None of those visiting judges live in Ottawa leaving a heavy load for the acting judge when it came to evening and weekend demands for everything from subpoenas, search warrant requests and more. During his tenure on the bench, Sachse primarily was assigned to the Franklin County portion of the 4th Judicial District.
A judge must be a resident of the district, be at least 30, have actively practiced law for at least five years, and be admitted to practice law in Kansas. All four nominees met the criteria.
A balance of qualities, with an emphasis on courtroom demeanor, rose to the top of the list of attributes interviewers on the 4th Judicial District Nominating Commission asked of the four potential judicial candidates. The interviews were open to the public though, like most personnel discussions, the decision making process occurred in executive session. Interviewers, led by Supreme Court Justice Eric S. Rosen, were expected to make a selection and/or selections Friday afternoon to forward to the governor on Monday.
Though our endorsement won’t swing the vote one way or the other we believe it is important to weigh in on the process undertaken to select a judge. Each of the interviewers, which included Sara Caylor and Forrest Lowry from Franklin County; Timothy Sipe and James Campbell from Coffey County; Eugene Highberger and Craig Cole from Anderson County; and Janet Walsh and Thomas DeBaun from Osage County, touched on questions related to legal experience, personal characteristics and beliefs, organizational and administrative skills as they relate to running an efficient court docket, balance of fiscal responsibility versus inmate accountability, courtroom management and even residency.
Two of the four candidates, Brandon Jones and Frederick L. Meier II live in Ottawa. The other two, Sheila Schultz of Paola and Douglas Witteman of Coffey County, live within the four-county 4th Judicial District.
With the bulk of the caseload occurring in Franklin County it makes good sense to have the judge live here too for faster and better accessibility of the after-hours access demanded of judges. Each of the candidates said they would be willing to move to Franklin County so residency here may be assured. What isn’t assured is finding the right candidate with the legal mind, ability to be fair and ensure everyone is heard, patience and even-tempered demeanor, strong work ethic to put in the necessary time to get the job done well, organizational skills to accomplish the demanding timetable put on the court system, ability to see past people at their worst in the courtroom to see clear to make the best decision despite the potential blowback as well as the ability to leave politics and playing favorites out of the process with an emphasis on fairness.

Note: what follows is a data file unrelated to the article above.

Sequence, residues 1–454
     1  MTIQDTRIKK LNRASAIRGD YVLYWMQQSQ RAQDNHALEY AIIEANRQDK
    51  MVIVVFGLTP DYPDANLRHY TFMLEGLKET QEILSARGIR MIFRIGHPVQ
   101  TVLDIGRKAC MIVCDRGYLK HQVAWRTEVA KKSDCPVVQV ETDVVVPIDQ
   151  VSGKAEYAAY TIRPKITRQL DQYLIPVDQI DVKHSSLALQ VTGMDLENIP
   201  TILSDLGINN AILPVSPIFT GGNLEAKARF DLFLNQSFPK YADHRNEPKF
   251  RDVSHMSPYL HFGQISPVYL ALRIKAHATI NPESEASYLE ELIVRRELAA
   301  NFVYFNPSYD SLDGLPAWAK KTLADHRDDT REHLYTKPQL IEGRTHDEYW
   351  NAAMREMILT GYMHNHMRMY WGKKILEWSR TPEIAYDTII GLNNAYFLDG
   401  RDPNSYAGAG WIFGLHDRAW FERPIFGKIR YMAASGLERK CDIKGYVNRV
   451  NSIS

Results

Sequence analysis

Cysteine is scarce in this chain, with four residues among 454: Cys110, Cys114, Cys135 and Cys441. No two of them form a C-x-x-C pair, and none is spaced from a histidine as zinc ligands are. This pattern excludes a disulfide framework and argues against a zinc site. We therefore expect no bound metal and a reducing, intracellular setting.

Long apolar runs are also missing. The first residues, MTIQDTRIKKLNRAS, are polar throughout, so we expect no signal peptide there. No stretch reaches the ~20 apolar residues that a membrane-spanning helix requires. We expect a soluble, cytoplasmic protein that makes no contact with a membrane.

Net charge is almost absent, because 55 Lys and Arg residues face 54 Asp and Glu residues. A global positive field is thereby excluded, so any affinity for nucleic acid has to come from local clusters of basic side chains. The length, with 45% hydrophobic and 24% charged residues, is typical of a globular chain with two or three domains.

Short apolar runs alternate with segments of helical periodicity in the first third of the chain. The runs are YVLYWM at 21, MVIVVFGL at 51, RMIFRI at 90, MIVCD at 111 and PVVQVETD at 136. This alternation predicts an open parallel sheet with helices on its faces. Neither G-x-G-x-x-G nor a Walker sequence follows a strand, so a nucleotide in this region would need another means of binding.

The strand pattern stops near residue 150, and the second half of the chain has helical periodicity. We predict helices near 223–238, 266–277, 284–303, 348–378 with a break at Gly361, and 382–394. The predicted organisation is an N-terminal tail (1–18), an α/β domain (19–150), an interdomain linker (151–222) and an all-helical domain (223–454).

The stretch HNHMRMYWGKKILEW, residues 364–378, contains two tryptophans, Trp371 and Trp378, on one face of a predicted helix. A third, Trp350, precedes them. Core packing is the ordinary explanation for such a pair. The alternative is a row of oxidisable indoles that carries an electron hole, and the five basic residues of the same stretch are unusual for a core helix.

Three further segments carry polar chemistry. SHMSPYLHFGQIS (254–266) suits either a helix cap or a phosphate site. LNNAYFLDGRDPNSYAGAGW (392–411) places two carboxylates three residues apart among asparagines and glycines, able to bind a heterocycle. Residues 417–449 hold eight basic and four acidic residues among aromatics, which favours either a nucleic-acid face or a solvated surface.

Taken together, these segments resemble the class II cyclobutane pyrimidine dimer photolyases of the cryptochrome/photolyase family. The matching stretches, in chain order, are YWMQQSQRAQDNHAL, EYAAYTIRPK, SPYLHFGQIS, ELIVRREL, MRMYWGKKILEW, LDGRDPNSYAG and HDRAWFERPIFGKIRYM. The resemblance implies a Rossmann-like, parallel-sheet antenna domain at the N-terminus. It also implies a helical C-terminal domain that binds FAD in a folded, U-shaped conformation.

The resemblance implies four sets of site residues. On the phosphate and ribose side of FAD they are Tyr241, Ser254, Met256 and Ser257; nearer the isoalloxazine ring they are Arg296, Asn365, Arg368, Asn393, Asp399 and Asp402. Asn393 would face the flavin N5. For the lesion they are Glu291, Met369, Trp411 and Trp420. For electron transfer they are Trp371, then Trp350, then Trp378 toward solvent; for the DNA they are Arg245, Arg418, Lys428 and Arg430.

Brandon Jones clearly was the best prepared for the interview with the right amount of humility and respect for the panel of interviewers. His broad work experience in the many aspects of law at small, medium and large courtrooms spanning civil to criminal to probate cases demonstrated he knows the law and has a high sense of justice. Far too often the public is unaware of the identities of judges on a ballot for retention. Jones wouldn’t face that problem. He has high visibility from serving on the Ottawa school board, as a recreation league coach and in leadership roles in many other aspects of the Ottawa community. If he is selected as judge, he would clearly need to pull back from some of those activities to avoid any appearance of favoritism and he said he is prepared to do so. Jones’ familiarity with community norms as well as his life experience here would prove useful to making insightful legal decisions. He is dedicated to making his community better through continued public service as a judge in what he termed his “dream job.” We believe he possesses the right mix of qualities to be the best candidate to do so.
Editor and Publisher